Swain Twisted Fate Deck Guide

Swain TF is a midrange deck with lots of control tools that has been on the rise recently - learn to pilot it with the help of Agigas!

Hello, Agigas here! I am a Master player since beta with several #4 peaks and tournament wins. I love sharing my knowledge about the game and I have been a regular writer at RuneterraCCG. I write in-depth deck guides, articles for tournament players, and curate our constantly updated Meta Tier List.

This guide is dedicated to Swain TF – a midrange deck with lots of control tools that has been on the rise recently as a response to the dominance of Zed Lulu Elusives.

Swain TF created by Agigas • last updated 2 years ago

Swain TF is a midrange archetype, combining Noxus and Bilgewater to get access to very cost-efficient removals.

Ravenous Flock, Make it Rain, and Monster Harpoon all deal very high amounts of damage for their cost, making it very hard for the opponent to out-tempo us with board pressure. Death’s Hand creates less of a tempo advantage but has good synergy with Swain. Scorched Earth rounds up this package to remove a large unit or a landmark.

Twisted Fate is another tool in our removal suite, with both his Red Card and Gold Card. When you don’t need those extra removals, Blue Card is very helpful to cycle through your deck. While the deck uses Twisted Fate more as a value unit than as a win condition, it can happen that we would level him up thanks to our surprisingly high amount of draw.

To make all our removals even more threatening, Dreadway Deckhand gets us a Powder Keg on top of a 2/2 body. The Keg combines particularly well with AOE and multi-target effects, such as Twisted Fate’s Red Card, or Make it Rain.

Arachnoid Sentry serves as a great enabler for Ravenous Flock, but can also be used to punish the opponent for not open-attacking, or to create a stronger attack for ourselves.

Fortune Croaker, Zap Sprayfin, The Leviathan, and Whispered Words all draw you extra cards, so you can cycle effectively through your deck and find the right answer for each threat.

The Leviathan and Swain act as the finishers of the deck. These two will surely win you the game when on the board together and uncontested, but you often don’t need to have both of them stick to close things out.

Judging just by the amount of removal tools and value, Swain TF looks like a very control-oriented archetype. However, be aware that this deck can also push a lot of face damage.

With Crusty Codger, you can get very early onto the board. Make it Rain, Death’s Hand, and TF’s Red Card will all deal incidental face damage. A hit from an early Swain can greatly accelerate the game.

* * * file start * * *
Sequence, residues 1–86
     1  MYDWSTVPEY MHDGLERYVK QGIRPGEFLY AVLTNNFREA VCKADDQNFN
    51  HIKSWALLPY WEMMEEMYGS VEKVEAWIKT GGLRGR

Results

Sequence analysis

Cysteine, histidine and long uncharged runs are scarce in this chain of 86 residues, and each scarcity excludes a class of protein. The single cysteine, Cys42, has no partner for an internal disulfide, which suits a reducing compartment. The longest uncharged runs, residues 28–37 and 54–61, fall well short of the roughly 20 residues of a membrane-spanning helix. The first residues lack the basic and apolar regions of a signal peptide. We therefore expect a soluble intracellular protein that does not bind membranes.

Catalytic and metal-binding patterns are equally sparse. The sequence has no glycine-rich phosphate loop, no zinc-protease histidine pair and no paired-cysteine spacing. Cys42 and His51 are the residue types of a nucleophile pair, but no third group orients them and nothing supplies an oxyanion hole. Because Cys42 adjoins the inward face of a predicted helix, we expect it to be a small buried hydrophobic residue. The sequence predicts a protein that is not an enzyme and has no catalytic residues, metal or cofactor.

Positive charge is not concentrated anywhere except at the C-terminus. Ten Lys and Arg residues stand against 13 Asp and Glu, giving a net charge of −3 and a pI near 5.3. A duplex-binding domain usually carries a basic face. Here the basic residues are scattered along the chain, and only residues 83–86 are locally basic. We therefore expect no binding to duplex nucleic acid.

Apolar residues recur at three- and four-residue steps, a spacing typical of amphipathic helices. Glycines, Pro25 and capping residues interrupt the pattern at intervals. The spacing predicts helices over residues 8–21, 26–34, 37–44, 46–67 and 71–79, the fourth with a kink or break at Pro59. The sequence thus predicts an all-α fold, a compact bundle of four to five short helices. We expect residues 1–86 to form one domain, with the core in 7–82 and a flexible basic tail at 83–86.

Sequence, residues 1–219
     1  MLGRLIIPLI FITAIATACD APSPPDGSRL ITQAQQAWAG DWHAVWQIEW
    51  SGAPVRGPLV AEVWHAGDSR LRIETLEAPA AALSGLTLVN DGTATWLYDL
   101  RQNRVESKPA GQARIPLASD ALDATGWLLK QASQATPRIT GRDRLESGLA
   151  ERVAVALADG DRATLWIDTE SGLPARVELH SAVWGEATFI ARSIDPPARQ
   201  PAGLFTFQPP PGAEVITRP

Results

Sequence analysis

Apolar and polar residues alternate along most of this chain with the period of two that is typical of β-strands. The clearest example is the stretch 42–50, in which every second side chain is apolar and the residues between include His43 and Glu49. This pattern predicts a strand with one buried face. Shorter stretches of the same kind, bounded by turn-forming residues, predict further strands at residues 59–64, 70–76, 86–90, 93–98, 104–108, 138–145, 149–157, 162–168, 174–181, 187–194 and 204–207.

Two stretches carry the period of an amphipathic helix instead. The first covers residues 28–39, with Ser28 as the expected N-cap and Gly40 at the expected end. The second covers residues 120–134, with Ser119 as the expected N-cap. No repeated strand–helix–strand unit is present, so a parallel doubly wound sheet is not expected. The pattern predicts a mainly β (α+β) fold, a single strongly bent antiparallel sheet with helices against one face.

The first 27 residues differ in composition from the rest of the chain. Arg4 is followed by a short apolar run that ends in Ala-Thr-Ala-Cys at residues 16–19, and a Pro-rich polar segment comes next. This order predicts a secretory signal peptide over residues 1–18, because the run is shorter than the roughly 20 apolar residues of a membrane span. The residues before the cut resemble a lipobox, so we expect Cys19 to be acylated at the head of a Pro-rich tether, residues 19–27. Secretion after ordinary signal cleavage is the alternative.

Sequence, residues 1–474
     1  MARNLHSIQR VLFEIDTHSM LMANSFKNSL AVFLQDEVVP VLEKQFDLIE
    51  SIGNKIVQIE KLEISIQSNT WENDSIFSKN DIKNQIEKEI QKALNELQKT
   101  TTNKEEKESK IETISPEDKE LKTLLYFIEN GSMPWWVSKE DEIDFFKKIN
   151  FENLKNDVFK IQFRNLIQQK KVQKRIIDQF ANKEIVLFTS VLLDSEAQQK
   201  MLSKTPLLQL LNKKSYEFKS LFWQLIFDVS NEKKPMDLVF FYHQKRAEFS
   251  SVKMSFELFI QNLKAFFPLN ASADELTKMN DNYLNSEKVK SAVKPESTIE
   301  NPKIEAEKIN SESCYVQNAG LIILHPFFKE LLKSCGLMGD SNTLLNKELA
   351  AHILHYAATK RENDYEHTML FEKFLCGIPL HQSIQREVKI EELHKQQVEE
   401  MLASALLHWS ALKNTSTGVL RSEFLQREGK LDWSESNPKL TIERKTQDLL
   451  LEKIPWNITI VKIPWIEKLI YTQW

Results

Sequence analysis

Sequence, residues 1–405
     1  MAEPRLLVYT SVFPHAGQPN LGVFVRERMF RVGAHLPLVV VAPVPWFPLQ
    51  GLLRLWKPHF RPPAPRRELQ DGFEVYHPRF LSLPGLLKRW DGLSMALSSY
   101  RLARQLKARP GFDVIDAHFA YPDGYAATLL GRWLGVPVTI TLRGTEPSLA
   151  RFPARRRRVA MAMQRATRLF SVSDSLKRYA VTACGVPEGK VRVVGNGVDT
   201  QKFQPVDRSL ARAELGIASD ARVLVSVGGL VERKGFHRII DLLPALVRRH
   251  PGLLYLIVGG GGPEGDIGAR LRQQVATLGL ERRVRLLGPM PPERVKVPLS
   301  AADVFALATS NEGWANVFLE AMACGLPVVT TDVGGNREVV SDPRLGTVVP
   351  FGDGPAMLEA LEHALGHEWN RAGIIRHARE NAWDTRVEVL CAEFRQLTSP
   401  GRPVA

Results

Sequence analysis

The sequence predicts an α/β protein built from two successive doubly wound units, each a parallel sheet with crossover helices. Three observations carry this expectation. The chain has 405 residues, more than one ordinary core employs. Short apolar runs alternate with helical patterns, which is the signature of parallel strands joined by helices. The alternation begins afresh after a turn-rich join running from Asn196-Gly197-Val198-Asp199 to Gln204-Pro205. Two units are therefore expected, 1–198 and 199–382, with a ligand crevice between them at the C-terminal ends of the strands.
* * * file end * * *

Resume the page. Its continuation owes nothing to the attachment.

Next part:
Depending on the matchup and situation, Swain TF is able to go for more aggressive routes. I personally consider Swain TF to be a midrange/control archetype (like Ezreal Draven, for example) rather than a true control deck.

Techs and Options

  • House Spider is a great anti-aggro card, often trading 2-for-1 in those matchups. It also can help create early pressure, or damage a unit to set up for a Ravenous Flock. Overall, it is quite popular and useful card for Swain TF archetype. Consider swapping some copies of Whispered Words for it if you need more tempo.
  • Noxian Guillotine is similar to Scorched Earth, and it has good synergy with Make it Rain and TF’s Red Card. Consider replacing Scorched Earth with it if you don’t need a landmark removal. You can also add more Guillotine/Scorched Earth if you often need to remove very large units.
  • Noxian Fervor quickly levels up Swain, synergizes really well with Powder Kegs, and gives you more reach to finish games. It is a strong spell if you need some more aggressive tempo.
  • Riptide Rex is a strong turn 8 play, easily enabled by Make it Rain, Death’s Hand, or The Leviathan. You can add one to the deck if you need more late game powerplays.

General Tips

  • Be careful about your Leviathan timing. Playing The Leviathan when you are in a precarious board state can open you up and give your opponent an opportunity to go wide and push a lot of damage. Sometimes, it is better to be patient, delay your Leviathan for a turn (especially if they could remove it) and use your turn 8 to clear the opponent’s threats instead.
  • Set up your Flocks. With Ravenous Flock, Swain’s Ravenous Flock, and Leviathan to tutor it, you’re likely to see a lot of Flocks during a game. Carefully manage your enablers, such as Make it Rain or Arachnoid Sentry, to make sure your Ravenous Flocks can always do some work.
  • You will almost never be able to play Monster Harpoon for 3 mana during an open-attack. While Swain TF has good amount of ways to activate Plunder, it can’t do it at Burst speed. Therefore, you can’t usually cast Harpoon for cheap during yours or your opponent’s open-attack (the only exception is if you have a Leviathan on the board). Instead of holding onto your Monster Harpoons, consider using them end-of-turn when you’ve already triggered Plunder, even though it can be counter-intuitive.